BMe Research Grant
The Neuronal Network and Behaviour Research group of the MTA TTK was founded in 2015 by Dr. Ferenc Mátyás. The group’s main focus is the cell-specific investigation of different brain processes, such as sleep and emotional behaviour. In our experiments we combine viral-based neuroanatomical, multisite in vivo electrophysiological and behavioural approaches in special transgenic animal models (mouse).
It was suggested several decades ago that the medial part of the so called thalamus (an ancient structure in the middle of the brain) is essential in the control of arousal-related neural processes2. The first experiments investigating this theory demonstrated that electric stimulation of the medial thalamus led to desynchronization of cortical activity, which is the electrophysiological sign of wakefulness3. In accordance with this, deep brain stimulation of this brain region improved motor and cognitive skill in some comatose patients4 (Figure 1).
Figure 1. Deep brain stimulation of the MT of a comatose patient. The stimulators can be seen in the middle of the image. The patient’s motor and cognitive skill temporarily improved following the stimulation. Source: N. D. Schiff et al. 2007
However, electric stimulation is a non-specific experimental approach. It means that using this method, one cannot be sure about the source of the behavioural change (i.e. waking up), because the electricity provided by the stimulation probably reaches several cell-types, or even completely different brain regions (Figure 2). This can be the reason why the efficacy of these treatments is relatively low, and thus, these are still not common in clinical use. Similar pitfalls are also present in other widely used neuroscientific methods, such as lesions and pharmacological activation/inactivation. Using these techniques does not reveal either which neurons of the thalamus are responsible for this arousal-promoting feature. Therefore, our research group combined several cutting edge experimental tools, such as special genetically modified experimental animal models and altered virus strains in order to reveal the exact source of this thalamic arousal regulation.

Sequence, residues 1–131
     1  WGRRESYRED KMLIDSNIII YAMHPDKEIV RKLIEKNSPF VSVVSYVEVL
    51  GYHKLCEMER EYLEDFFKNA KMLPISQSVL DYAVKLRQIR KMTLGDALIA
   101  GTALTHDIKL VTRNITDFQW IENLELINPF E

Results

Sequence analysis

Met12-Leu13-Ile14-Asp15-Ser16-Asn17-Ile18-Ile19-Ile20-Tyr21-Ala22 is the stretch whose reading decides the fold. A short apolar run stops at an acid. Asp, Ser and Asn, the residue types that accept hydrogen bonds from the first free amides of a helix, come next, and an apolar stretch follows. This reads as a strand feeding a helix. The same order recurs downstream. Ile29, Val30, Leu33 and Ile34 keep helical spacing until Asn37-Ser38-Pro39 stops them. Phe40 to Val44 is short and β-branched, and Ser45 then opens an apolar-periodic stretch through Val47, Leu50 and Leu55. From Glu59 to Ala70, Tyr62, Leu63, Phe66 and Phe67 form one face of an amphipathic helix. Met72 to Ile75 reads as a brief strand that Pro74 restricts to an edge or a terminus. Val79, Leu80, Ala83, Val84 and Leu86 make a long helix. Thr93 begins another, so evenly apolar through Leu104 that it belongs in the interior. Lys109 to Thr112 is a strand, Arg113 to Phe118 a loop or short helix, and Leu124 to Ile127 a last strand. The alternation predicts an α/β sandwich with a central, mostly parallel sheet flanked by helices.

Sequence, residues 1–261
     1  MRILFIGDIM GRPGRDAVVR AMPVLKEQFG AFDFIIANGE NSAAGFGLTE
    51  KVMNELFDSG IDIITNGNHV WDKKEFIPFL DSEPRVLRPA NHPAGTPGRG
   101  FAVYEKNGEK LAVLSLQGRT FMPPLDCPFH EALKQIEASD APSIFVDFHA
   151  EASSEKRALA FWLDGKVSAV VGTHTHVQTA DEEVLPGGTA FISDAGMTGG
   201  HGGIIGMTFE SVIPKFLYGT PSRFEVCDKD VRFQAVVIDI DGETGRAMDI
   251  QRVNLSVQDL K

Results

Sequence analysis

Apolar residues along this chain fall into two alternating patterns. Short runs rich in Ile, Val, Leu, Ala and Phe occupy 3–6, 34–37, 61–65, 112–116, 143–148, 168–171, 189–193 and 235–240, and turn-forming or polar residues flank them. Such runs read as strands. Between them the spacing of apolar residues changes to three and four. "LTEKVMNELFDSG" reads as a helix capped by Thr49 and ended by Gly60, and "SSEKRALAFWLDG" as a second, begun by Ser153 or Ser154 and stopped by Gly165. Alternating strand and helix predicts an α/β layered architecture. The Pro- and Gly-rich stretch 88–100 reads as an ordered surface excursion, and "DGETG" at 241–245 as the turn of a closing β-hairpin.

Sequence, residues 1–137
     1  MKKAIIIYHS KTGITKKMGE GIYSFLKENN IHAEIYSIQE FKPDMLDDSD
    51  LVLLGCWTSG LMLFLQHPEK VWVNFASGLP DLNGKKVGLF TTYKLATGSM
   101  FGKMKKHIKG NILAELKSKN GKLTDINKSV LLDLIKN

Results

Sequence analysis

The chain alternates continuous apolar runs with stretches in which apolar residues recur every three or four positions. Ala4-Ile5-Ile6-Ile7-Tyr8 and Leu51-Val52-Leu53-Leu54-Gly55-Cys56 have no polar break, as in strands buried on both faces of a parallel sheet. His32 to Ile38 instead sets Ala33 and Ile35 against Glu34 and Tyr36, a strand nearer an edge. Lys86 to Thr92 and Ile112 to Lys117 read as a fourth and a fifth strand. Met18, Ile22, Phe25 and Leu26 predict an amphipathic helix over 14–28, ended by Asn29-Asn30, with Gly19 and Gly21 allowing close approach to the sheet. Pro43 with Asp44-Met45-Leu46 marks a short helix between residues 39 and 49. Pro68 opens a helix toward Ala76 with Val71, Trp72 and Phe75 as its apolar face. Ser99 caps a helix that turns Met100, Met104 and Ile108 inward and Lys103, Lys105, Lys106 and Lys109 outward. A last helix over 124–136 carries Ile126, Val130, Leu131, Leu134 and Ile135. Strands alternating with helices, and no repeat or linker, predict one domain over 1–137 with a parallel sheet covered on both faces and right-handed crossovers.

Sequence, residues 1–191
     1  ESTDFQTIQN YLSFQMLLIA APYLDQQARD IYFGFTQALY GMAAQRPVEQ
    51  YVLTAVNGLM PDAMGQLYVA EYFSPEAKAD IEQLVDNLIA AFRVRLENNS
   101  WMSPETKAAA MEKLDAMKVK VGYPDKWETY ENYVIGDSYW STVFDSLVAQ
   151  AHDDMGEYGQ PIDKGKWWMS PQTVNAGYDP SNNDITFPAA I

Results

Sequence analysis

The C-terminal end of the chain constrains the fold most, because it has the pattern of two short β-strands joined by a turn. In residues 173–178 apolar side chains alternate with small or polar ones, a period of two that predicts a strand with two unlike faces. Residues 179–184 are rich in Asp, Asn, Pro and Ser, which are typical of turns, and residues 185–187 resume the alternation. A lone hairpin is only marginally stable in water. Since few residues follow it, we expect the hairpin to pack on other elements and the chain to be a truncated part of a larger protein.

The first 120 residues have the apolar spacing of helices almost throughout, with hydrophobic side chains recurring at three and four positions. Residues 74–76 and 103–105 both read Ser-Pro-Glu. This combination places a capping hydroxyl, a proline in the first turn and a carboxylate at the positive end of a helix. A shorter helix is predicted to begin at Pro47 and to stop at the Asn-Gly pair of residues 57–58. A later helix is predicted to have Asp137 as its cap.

1. R. M. Yerkes, J. D. Dodson, The relation of strength of stimulus to rapidity of habit-formation. J. Comp. Neurol. Psychol. 18, 459–482 (1908).
2. Y. D. Van der Werf, M. P. Witter, H. J. Groenewegen, The intralaminar and midline nuclei of the thalamus. Anatomical and functional evidence for participation in processes of arousal and awareness. Brain Res. Brain Res. Rev. 39, 107–40 (2002).
3. R. Morison, E. Dempsey, A study of thalamo-cortical relations. Am. J.Physiol. 135, 281–292 (1941).
4. N. D. Schiff et al., Behavioural improvements with thalamic stimulation after severe traumatic brain injury. Nature. 448, 600–3 (2007).
5. R. P. Vertes, W. B. Hoover, Projections of the paraventricular and paratenial nuclei of the dorsal midline thalamus in the rat. J. Comp. Neurol. 508, 212–37 (2008).
6. W. B. Hoover, R. P. Vertes, Collateral projections from nucleus reuniens of thalamus to hippocampus and medial prefrontal cortex in the rat: a single and double retrograde fluorescent labeling study. Brain Struct. Funct. 217, 191–209 (2012).